By Chineme OkaforÂ in Abuja
The controversy surrounding Nigeriaâ€™s concession of Ajaokuta Steel Company Limited (ASCL), and National Iron Ore Mining Company (NIOMCO) to Indian firm, Global Infrastructure Holding Limited (GIHL), on Friday assumed a fresh dimension when a group of relevant metallurgical unions in the country filed a suit at the Federal High Court, Abuja against the Economic and Financial Crimes Commission (EFCC) for allegedly hoarding an interim investigative report on the operations of GIHL in the two national assets.
Â According to the court papers with suit number: FHC/Abj/CS/674/17, the unions comprising Nigerian Metallurgical Society; African Iron and Steel Association (AISA); Steel and Engineering Workers Union of Nigeria; and Iron and Steel Senior Staff Association of Nigeria, and their attorneys, Sulaiman Abduraheem and Natasha Akpoti, asked the court to mandate the EFCC to release to them certified true copies of its past investigation on GIHL’s operations in NIOMCO and ASCL, as ordered by late president Umaru Musa Yarâ€™Adua, in 2008.
Â Provided to THISDAY in Abuja, the court processes were served on EFCC, with their prayers including a request on it to immediately provide the plaintiff copies of its investigations on GIHL, as well as pay the sum of N500,000 for initially denying it request for the investigative report in contravention of Section 21 of the Freedom of Information (FOI) Act.Â The group noted that they filed their request to EFCC on June 13, 2017, but the anti-graft agency refused to provide it the requested report.
Â They also claimed that in its reluctance, the EFCC rather asked it to drop the case on the grounds that it was old and perhaps stale.
Â But convinced about the merit of its request, the plaintiff then sued the EFCC. It said it wants the court to issue a mandatory order on the anti-graft agency to provide it the investigative report.
Following the federal governmentâ€™s modified concession agreement recently signed by the Minister of Mines and Solid Minerals, Dr. Kayode Fayemi, on behalf of it to transfer the NIOMCO which is located in Itakpe Kogi State, and Delta Steel Company (DSC) to Indian firm, GIHL, the plaintiff reportedly wrote to the EFCC requesting its 2008 investigative report on the Indian firm as ordered by Yarâ€™Adua, but which it never made public.
The court papers which were dated July 21, 2017, equally asked the EFCC to provide the plaintiff with a status report as to its prosecution of GIHL in relation to the alleged criminal activities leveled against it in its operation of the assets, upon which Yarâ€™Adua’s order was made.
The unions had recently protested the government’s decision to invite back GIHL to take up the companies four years after their sales were reportedly cancelled. They said the decision was faulty and irresponsible on the part of the government.
They also explained that past records of GIHL in the two firms indicated that they left Nigeria with monumental losses, but huge economic leverages for them and their country, India, adding that the current government had failed in its responsibility to undertake appropriate due diligence on the firm it has given back the firms to.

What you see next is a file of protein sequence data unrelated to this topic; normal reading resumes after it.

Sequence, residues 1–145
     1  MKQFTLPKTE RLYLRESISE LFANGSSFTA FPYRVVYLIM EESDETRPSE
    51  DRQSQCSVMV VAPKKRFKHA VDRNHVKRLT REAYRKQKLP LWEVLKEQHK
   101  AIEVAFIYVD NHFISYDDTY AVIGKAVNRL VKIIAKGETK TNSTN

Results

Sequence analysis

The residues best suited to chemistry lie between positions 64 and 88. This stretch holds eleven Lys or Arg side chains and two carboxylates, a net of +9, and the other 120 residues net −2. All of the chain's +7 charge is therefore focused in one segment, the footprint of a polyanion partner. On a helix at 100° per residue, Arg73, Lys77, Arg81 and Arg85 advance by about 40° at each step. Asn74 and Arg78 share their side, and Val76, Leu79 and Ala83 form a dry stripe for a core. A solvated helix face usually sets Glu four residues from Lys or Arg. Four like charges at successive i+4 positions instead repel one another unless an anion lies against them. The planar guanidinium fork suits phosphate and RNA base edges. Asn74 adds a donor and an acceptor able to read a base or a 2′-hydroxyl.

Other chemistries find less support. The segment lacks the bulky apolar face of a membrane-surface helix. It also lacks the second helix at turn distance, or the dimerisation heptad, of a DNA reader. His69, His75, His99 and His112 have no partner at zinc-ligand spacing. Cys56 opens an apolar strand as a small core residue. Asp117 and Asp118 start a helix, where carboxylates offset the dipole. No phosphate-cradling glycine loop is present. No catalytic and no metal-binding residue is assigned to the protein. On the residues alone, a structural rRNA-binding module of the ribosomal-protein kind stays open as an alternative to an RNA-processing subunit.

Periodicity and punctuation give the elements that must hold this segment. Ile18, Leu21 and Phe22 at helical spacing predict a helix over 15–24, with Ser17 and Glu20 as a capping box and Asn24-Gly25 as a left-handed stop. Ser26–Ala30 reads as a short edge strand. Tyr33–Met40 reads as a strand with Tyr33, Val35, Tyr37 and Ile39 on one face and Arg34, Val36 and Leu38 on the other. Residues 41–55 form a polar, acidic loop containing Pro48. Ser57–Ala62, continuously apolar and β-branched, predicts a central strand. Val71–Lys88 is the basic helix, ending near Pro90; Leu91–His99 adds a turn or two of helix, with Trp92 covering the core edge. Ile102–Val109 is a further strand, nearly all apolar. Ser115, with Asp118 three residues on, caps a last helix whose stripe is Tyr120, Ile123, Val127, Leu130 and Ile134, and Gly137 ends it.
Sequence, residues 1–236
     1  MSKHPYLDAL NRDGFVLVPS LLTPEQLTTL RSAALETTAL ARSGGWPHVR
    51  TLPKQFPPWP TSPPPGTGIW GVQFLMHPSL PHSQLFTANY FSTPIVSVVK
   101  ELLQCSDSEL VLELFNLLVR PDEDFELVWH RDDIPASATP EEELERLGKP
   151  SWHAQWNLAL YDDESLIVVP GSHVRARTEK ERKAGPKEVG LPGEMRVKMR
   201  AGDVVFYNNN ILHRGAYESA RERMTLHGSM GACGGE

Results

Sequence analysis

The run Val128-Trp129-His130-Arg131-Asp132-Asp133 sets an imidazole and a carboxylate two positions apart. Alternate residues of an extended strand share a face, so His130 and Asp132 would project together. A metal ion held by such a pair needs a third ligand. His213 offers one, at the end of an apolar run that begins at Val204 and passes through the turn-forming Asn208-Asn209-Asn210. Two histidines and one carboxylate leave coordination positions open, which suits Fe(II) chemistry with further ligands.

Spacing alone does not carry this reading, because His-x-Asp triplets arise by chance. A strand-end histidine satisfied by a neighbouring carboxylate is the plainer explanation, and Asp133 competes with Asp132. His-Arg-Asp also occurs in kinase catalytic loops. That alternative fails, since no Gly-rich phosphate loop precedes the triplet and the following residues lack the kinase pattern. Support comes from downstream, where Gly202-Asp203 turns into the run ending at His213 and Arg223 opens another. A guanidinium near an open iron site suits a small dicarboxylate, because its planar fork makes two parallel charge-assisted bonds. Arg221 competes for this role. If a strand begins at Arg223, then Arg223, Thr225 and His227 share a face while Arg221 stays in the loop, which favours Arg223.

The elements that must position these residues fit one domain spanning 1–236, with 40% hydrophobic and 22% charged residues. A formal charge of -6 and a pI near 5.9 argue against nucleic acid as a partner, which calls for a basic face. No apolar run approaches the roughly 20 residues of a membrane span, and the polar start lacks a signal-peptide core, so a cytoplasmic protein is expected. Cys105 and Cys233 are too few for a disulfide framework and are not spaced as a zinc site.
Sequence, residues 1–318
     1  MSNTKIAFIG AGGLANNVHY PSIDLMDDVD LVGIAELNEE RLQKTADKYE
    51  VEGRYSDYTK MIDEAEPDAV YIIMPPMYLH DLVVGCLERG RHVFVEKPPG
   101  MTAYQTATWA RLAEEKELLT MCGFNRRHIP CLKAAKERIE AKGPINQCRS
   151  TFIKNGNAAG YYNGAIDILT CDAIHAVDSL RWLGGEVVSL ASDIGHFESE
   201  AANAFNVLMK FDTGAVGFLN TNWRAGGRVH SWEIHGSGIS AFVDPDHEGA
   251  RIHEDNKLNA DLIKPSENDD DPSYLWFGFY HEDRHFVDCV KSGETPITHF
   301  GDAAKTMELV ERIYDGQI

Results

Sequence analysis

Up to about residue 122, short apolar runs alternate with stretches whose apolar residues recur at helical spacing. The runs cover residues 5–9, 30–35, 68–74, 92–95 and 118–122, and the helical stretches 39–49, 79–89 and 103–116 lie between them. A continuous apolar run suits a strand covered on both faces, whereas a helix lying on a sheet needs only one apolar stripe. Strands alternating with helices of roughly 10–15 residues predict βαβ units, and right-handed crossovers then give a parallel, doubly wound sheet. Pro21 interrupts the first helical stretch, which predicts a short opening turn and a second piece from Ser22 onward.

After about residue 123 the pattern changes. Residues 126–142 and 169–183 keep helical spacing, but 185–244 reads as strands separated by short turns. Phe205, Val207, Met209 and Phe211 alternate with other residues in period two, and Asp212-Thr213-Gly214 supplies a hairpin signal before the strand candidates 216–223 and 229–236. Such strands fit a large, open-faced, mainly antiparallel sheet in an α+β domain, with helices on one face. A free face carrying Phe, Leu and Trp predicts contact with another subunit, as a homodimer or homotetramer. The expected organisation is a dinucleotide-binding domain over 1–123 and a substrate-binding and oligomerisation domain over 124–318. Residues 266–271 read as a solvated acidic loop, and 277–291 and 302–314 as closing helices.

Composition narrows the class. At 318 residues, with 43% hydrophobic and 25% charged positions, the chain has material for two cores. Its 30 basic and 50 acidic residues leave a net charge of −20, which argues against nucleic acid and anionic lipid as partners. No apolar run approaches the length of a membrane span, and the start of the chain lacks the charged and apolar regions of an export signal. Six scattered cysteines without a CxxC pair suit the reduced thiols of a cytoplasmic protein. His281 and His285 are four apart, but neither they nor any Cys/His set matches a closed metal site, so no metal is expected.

The President of AISA, Dr. Sanusi Mohammed, had told journalists at a recent briefing that the association opted to galvanise relevant stakeholders in Nigeria’s steel industry including the Nigeria Labour Congress (NLC); Nigerian Society of Engineers (NSE), and others to protest the decision of the government as acted out by Fayemi when he reportedly signed the modified concession agreement in August 2016.
Mohammed explained that from the modified concession agreement, GIHL has further demanded from the government to concede the Itakpe-Ajaokuta-Warri rail line and Warri Port to it to enable them efficiently operate the Ajaokuta Steel Company and DSC.
According to him, the modified agreement and subsequent request from the Indian company were part of steps by the Indian government and other external forces to deprive Nigeria of potentially competing with it in the global steel market, as well as frustrate her potential independence from importing steel from countries including India.
He noted that recently the National Bureau of Statistics (NBS) stated that Nigeria imported steel products worth N23 trillion in the last 10 years, with some of the imports coming from India. This, according to him meant that a functional Nigerian steel industry was not in the interest of India.
“What we are saying in essence is that the processes that have led to the choice of concessionaires have been faulty and produced groups like Global Infrastructure Holding Limited which have done nothing to advance our steel industry.
“The Indian company led by Pramod Mittal, are perhaps acting out external scripts of forces that do not want our steel industry to grow. They have failed to maintain our assets, and we want the Economic and Financial Crimes Commission (EFCC) to look into the modified concession agreement signed by Kayode because it is the same document with mistakes that was drawn up in the last government that he signed,” Mohammed said at the briefing.
Speaking however on the court action against EFCC, one of the attorneys, Akpoti, told THISDAY that the decision to sue was based on the report of a five-man administrative panel ofÂ enquiry set up by Yarâ€™Adua which indicted GIHL of asset stripping and other unwholesome practices in the companies, and which EFCC took up but couldnâ€™t complete the process.
She explained that the EFCC further erred when it refused to obey section 21 of the FOI Act, under which government agencies are obliged to provide relevant information on their operations to parties seeking such. She added that the unions wanted the government to realise its mistakes in the modified concession agreement with GIHL.